We were taught to lead one in the prayer, telling them the words to say, having them "repeat after me." After we finished, we were taught to ask the person, "did you pray the prayer? Did you ask God to save you? Did you really, really mean it?" If the answer was yes (and it always was), then were to declare them saved. And we were taught to tell them "you're now saved and don't let anyone ever try to tell you differently."

    Over the years, I came to question that process. It began when I recalled my own salvation experience as a nine-year-old. I was never asked to "pray the prayer." The pastor quizzed me pretty thoroughly to check my understanding of what was going on. Do you know about sin? Do you understand that you are a sinner? Do you understand that the penalty of sin is Hell. Do you know what Hell is? Do you repent of your sins? Do you trust Jesus and Him alone to save you? Yes? Sit down right over there.

    Winman makes the case that the publican's prayer in Luke 16 provides the basis for a Sinner's Prayer. I do think that God will save a repentant sinner who asks for mercy. But this is a far cry from the one-two-three, repeat after me, formula used in some soul-winning pitches. The publican, for one thing, did not need to be convinced. There was no sales pitch.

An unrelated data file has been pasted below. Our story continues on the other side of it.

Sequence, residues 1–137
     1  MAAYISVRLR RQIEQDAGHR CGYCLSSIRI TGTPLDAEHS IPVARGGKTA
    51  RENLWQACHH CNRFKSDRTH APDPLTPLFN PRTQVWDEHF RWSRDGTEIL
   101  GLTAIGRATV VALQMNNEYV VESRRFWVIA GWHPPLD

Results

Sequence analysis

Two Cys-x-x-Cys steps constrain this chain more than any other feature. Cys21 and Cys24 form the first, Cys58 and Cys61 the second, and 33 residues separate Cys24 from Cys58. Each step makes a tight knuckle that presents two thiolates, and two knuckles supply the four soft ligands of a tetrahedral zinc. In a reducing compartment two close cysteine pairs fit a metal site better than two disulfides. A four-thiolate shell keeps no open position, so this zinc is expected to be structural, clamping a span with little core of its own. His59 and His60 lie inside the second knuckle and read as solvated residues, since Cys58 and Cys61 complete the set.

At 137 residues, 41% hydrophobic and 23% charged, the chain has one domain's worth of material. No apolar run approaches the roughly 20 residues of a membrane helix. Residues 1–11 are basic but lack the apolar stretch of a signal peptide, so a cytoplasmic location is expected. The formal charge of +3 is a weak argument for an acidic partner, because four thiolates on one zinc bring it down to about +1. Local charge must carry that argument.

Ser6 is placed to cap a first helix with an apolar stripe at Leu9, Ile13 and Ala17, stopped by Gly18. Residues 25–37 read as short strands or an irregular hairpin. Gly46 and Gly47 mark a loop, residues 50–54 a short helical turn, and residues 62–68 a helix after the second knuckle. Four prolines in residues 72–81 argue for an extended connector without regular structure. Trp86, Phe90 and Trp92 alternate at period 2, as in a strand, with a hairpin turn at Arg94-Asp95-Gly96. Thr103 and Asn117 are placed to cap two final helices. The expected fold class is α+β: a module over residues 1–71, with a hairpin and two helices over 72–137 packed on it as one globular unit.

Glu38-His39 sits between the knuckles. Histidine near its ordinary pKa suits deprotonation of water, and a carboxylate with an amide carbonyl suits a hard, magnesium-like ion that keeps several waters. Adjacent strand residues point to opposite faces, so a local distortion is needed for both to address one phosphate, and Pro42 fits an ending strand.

We were always taught that Romans 10:13 (whoever will call on the name of the Lord will be saved) equates calling on the Name with the Sinner's Prayer. If this is not a sinner's crying out to God for mercy, then what is it? Please help by exegeting his verse, along with Romans 10:9.

    The problem I have is not telling a sinner to cry out for mercy, but telling him the words to say, having him repeat after you.

    Bottom line, God hears repentant sinners who call on His name; He also hears sinners who simply confess their repentance and trust in the Son, and their declaration that He is Lord. The exact words are not important. This is the desire of the heart.
     
  14. Earth Wind and Fire

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    Good point.....if your teaching in a bible study the "Roman Road" 10:13 is the (End of the Road). Used with....

    Romans 3:23, 6:23, 5:8, 10:9..... thats how its traditionally taught my brothers. Then we are all, Happy Happy Happy..... ya go from "Being a sinner & falling short" to "Everyone who calls of the Lord will be saved. "